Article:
But thanks to his bronze statue, the Hall-of-Fame, flesh-and-blood “Big Tex” will stand watch outside Globe Life Field. Courtesy of long-time public address announcer Chuck Morgan, Ryan’s 10-gallon aura will live inside the $1.2 billion ballpark as well.
“This is Nolan’s old desk,” Morgan says from his glass-enclosed perch on the concourse behind home plate. “I’ve got the best seat in the house, and I figured having a piece of him around wouldn’t hurt with the vibe in here. Right?”
Ryan, the man’s man pitcher who threw seven no-hitters, recorded 5,714 strikeouts, memorably bloodied Robin Ventura’s mug and served as president during the team’s consecutive World Series appearances in 2010-11, left the franchise in 2013. While a legion of loyalists still struggles to identify with the post-Ryan Rangers, Morgan in this shitstorm of 2020 is left with a tougher challenge: baseball without baseball fans.
Because of COVID-19, Major League Baseball parks across America cautiously opened four months late in July with fans not invited and players wearing masks, social distancing and somehow refraining from spitting. Framed by a pandemic (media members are forced to sign a three-page COVID-19 waiver), the Black Lives Matter movement (Rangers’ players kneeled in protest before the pregame National Anthem but stood once Charley Pride belted out “Oh say can you see … ”) and 2,600 seats filled with “DoppelRangers” cardboard cutouts (of season-ticket holders, a bloody Ryan, Dallas Stars’ forward Jamie Benn, former President George W. Bush, Gov. Greg Abbott and a couple of dogs sporting jerseys), opening day has never rung so bizarrely hollow.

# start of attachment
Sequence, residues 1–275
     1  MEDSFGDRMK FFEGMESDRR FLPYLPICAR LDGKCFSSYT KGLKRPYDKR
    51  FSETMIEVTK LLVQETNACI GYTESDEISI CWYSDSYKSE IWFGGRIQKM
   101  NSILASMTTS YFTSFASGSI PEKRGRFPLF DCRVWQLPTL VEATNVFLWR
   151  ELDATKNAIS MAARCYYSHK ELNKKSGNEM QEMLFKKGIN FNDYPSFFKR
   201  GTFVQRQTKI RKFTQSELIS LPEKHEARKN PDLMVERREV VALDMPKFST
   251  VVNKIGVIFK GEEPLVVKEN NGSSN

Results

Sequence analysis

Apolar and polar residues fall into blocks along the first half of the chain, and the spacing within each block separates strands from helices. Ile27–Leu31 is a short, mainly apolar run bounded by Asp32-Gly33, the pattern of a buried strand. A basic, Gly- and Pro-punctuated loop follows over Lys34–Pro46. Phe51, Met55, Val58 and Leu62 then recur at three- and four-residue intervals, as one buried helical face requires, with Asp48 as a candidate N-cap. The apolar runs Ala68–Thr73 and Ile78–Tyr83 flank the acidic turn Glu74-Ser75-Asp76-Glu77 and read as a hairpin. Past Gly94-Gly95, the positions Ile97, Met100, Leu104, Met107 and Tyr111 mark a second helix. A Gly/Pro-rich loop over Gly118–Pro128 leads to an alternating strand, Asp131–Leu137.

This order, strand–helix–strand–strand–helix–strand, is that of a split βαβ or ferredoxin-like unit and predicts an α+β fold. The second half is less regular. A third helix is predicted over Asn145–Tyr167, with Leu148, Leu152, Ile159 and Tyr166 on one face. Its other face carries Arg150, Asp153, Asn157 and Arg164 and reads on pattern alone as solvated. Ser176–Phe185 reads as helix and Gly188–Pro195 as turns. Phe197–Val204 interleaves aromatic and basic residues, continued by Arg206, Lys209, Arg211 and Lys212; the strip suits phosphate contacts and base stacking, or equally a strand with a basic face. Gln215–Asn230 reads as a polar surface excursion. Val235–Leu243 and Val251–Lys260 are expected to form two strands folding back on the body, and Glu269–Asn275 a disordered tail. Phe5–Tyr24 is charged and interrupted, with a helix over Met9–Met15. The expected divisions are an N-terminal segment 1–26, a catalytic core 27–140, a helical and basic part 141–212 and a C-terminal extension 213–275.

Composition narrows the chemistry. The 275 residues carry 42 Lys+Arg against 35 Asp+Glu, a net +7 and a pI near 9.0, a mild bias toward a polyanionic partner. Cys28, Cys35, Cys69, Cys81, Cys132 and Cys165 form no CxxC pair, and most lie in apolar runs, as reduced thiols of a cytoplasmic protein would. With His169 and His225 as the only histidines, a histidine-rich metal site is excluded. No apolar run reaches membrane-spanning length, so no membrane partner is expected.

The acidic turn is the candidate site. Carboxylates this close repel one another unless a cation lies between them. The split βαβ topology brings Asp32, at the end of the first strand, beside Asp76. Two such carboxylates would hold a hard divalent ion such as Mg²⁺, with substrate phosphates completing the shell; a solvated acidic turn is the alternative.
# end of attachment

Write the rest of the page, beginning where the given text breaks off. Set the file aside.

“This is not the way it’s supposed to be. I’ve called over 3,000 games, but none without fans. It’s strange. It’s difficult. It actually hurts.” – Rangers announcer Chuck Morgan
The Rangers, who opened with a 1-0 win over the Colorado Rockies, have christened three stadiums in front of vastly different crowds:
April 21, 1972, Arlington Stadium: 20,105
April 11, 1994, Ballpark in Arlington: 46,056
July 24, 2020, Globe Life Field: 0
“It’s bittersweet,” said Morgan, who began as the team’s grand poohbah of in-game entertainment in 1983 but this year introduced players and orchestrated ambiance in a sparkling new stadium with only a smattering of media in attendance. “This is not the way it’s supposed to be. I’ve called over 3,000 games, but none without fans. It’s strange. It’s difficult. It actually hurts.”